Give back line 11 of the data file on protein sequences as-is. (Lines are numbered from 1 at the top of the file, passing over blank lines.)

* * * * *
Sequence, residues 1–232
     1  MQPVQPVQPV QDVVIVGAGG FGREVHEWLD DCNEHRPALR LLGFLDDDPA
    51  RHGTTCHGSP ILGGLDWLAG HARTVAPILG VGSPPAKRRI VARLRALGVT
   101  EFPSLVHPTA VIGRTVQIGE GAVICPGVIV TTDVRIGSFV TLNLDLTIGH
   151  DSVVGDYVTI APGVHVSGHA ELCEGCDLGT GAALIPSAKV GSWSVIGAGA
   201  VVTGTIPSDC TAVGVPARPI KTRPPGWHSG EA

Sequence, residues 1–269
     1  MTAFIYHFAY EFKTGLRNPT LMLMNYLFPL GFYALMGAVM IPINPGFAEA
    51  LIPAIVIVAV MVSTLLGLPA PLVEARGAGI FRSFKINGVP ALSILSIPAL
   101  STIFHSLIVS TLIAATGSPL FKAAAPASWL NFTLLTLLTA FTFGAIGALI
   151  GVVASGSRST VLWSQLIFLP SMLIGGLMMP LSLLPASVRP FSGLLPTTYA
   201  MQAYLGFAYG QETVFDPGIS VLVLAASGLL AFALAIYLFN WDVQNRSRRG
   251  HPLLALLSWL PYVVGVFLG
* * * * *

   151  GVVASGSRST VLWSQLIFLP SMLIGGLMMP LSLLPASVRP FSGLLPTTYA